How to show NLS conserves the energy?

Consider nonlinear Schrodiner equation (NLS):

$$i\partial_t u + \Delta = \pm |u|^{p-1}u, u(x,0)=u_0 \in H^1(\mathbb R^d)$$
where $u:\mathbb R^{d+1} \to \mathbb C, u_0:\mathbb R^d \to \mathbb C, 1<p<\infty.$

We put $$E(u(t))= \frac{1}{2} \int_{\mathbb R^d} |\nabla u (x,t)|^2 dx \pm \frac{1}{p+1} \int_{\mathbb R^d} |u(x,t)|^{p+1} dx.$$

My Question: How to show $E(u(t))= E(u(0))$ for all $t\in \mathbb R$? References is also OK, if I can found the solution of this fact in it.

Motivation: I am trying to following equation (3) in the lecture note,see also exercise 1 in the same note.

Solutions Collecting From Web of "How to show NLS conserves the energy?"

It suffices to show that $$\frac d{dt} E(u(t)) = 0.$$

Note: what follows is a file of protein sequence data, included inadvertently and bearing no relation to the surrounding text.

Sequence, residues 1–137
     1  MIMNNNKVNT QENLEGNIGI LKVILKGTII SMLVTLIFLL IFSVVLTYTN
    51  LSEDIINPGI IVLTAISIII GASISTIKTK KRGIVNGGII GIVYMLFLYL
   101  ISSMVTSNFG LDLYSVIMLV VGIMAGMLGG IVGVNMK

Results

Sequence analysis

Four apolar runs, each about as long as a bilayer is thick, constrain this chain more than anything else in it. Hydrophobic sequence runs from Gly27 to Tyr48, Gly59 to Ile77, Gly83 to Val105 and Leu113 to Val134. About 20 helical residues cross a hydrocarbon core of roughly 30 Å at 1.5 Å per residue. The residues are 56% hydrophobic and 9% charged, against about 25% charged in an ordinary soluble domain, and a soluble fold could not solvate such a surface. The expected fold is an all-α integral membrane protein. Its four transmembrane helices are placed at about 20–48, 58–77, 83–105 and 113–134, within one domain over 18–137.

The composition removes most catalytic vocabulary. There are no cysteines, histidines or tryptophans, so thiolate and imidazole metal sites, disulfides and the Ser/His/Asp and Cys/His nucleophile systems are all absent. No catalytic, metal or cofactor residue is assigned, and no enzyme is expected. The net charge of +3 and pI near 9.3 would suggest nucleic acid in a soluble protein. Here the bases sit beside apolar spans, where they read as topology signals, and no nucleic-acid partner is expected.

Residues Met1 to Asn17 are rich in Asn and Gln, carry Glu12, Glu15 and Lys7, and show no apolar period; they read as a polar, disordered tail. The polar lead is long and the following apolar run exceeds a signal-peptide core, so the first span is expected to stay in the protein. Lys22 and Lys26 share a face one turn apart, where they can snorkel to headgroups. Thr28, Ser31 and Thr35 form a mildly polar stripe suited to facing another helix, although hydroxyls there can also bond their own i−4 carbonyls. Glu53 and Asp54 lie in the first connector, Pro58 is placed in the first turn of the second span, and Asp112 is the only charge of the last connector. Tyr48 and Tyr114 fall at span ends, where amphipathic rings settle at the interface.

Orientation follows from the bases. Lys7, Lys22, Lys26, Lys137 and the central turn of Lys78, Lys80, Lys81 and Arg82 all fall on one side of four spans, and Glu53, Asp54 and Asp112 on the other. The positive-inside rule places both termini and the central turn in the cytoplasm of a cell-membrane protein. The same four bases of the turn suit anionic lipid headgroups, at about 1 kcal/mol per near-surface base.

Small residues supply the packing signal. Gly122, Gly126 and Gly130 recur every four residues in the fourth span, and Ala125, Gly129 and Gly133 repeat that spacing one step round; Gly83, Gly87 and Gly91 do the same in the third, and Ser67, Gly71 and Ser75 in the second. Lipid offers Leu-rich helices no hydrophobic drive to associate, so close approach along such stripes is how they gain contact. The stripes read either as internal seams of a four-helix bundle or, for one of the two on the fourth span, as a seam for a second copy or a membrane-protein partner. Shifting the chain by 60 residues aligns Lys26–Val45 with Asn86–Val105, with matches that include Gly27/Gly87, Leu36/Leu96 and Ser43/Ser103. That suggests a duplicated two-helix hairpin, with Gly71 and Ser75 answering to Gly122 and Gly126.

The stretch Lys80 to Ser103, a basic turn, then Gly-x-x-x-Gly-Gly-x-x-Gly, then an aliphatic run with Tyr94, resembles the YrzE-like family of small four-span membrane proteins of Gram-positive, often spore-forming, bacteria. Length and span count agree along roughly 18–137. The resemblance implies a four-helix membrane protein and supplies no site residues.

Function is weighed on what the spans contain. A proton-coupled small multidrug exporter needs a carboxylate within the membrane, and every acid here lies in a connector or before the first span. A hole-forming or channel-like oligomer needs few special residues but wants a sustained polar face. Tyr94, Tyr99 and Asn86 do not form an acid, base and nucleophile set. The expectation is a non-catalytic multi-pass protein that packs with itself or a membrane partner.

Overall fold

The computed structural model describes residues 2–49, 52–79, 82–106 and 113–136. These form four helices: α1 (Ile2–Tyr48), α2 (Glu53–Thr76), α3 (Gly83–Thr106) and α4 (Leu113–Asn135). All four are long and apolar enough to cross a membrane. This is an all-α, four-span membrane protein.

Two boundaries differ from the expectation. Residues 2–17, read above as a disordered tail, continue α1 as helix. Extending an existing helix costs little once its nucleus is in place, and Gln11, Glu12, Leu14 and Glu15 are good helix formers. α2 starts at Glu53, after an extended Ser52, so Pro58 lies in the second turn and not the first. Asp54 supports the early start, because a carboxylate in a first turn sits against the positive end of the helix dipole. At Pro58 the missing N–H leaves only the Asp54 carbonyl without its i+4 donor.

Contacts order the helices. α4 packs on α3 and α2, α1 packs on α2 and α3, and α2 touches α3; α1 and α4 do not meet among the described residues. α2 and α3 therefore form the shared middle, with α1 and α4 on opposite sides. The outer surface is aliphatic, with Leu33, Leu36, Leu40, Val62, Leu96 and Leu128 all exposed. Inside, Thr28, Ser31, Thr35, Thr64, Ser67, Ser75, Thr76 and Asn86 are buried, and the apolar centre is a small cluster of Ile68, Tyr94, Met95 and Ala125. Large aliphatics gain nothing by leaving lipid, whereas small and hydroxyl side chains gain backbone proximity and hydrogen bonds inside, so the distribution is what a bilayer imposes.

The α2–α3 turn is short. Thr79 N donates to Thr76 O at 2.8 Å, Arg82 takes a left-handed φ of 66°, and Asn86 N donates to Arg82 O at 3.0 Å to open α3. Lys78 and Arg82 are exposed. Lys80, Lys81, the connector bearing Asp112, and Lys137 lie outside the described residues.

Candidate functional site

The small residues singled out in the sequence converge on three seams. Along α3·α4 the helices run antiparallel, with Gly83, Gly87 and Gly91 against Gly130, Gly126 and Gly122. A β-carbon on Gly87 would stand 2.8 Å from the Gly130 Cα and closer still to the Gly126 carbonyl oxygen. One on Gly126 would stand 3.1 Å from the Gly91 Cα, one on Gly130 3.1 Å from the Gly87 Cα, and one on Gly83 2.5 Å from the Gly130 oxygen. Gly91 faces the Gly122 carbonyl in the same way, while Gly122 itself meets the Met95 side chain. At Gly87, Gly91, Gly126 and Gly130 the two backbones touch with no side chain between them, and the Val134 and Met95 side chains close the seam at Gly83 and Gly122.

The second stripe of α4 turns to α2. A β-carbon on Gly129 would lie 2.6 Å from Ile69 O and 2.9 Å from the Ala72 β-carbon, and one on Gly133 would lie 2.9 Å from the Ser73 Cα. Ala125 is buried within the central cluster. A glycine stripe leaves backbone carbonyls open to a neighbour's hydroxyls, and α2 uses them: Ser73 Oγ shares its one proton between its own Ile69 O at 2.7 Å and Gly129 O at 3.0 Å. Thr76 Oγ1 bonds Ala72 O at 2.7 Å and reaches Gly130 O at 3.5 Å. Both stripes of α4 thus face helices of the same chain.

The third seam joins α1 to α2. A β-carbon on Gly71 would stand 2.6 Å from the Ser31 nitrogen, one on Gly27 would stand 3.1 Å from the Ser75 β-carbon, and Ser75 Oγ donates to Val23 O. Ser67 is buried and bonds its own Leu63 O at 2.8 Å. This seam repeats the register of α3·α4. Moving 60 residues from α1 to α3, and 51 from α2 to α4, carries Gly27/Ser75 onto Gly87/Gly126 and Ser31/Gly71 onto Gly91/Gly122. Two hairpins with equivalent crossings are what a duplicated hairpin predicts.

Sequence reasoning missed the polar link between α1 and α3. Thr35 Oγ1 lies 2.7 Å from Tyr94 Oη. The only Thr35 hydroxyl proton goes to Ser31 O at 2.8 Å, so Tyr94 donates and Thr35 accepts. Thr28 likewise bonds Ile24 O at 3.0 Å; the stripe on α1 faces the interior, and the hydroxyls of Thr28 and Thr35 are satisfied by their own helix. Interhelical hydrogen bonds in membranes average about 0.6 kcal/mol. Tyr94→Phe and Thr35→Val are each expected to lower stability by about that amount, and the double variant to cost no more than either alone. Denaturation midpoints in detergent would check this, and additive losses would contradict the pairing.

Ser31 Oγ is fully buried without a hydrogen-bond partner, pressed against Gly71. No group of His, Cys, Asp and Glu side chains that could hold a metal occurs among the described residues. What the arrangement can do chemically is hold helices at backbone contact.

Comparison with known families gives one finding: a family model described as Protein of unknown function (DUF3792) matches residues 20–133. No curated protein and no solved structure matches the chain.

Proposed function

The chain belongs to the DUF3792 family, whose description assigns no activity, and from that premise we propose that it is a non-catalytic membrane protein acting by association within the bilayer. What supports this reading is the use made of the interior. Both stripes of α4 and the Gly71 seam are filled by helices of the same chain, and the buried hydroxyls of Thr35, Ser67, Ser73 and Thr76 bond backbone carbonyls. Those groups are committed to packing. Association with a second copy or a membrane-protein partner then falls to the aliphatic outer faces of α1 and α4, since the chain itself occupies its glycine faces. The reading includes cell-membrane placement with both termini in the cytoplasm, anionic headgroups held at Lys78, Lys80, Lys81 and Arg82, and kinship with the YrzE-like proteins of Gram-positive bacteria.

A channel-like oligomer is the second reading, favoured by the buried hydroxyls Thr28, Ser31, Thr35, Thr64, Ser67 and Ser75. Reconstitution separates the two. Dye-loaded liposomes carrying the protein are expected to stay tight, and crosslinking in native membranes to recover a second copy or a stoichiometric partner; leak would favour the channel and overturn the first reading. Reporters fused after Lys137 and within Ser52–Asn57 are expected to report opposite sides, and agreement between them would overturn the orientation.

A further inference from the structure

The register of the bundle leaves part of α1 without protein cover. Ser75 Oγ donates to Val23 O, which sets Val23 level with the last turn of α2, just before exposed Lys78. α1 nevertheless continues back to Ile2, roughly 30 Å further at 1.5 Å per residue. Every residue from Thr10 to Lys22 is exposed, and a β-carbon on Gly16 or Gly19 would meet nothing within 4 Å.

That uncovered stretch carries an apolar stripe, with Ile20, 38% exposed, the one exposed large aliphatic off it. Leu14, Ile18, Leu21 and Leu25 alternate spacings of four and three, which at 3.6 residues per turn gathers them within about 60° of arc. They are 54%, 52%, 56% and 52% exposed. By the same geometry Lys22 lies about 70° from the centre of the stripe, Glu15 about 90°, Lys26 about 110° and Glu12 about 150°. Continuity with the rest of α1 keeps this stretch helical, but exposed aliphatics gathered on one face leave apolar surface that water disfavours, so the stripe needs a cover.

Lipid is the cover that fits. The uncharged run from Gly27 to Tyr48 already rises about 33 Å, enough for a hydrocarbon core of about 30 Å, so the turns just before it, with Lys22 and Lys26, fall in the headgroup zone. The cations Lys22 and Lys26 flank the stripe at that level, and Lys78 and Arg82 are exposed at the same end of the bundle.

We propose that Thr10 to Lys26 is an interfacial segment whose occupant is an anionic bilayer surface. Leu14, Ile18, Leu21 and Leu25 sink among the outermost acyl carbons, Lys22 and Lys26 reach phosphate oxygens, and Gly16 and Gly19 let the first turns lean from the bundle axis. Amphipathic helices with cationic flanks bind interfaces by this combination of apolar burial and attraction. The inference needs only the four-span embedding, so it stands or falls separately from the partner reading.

Start by moving the time derivative inside the integrals, which gives (using the product and chain rules)

$$\frac d{dt} E(u(t)) = {\rm Re}\int \nabla \partial_t u \cdot \nabla \bar u \pm {\rm Re}\int|u|^{p-1}\bar u \ \partial_t u$$

Assuming some kind of decay condition at infinity we can integrate by parts in the first integral to get $-{\rm Re}\int\partial_t u \ \Delta \bar u$, so substituting $\partial_t u$ using the evolution equation we get

$$\begin{align}\frac d{dt} E(u(t)) &= {\rm Re}\int (i \Delta u \mp i |u|^{p-1} u)( -\Delta \bar u\pm |u|^{p-1}\bar u)\\
&= {\rm Re}\left[\int i|\Delta u|^2 – \int i|u|^{2(p-1)}u \bar u\ \pm\int i\left(\Delta u |u|^{p-1}\bar u +\Delta \bar u |u|^{p-1}u\right)\right].
\end{align}$$

All three integrals here are purely imaginary and thus their real parts vanish, so we have the desired result.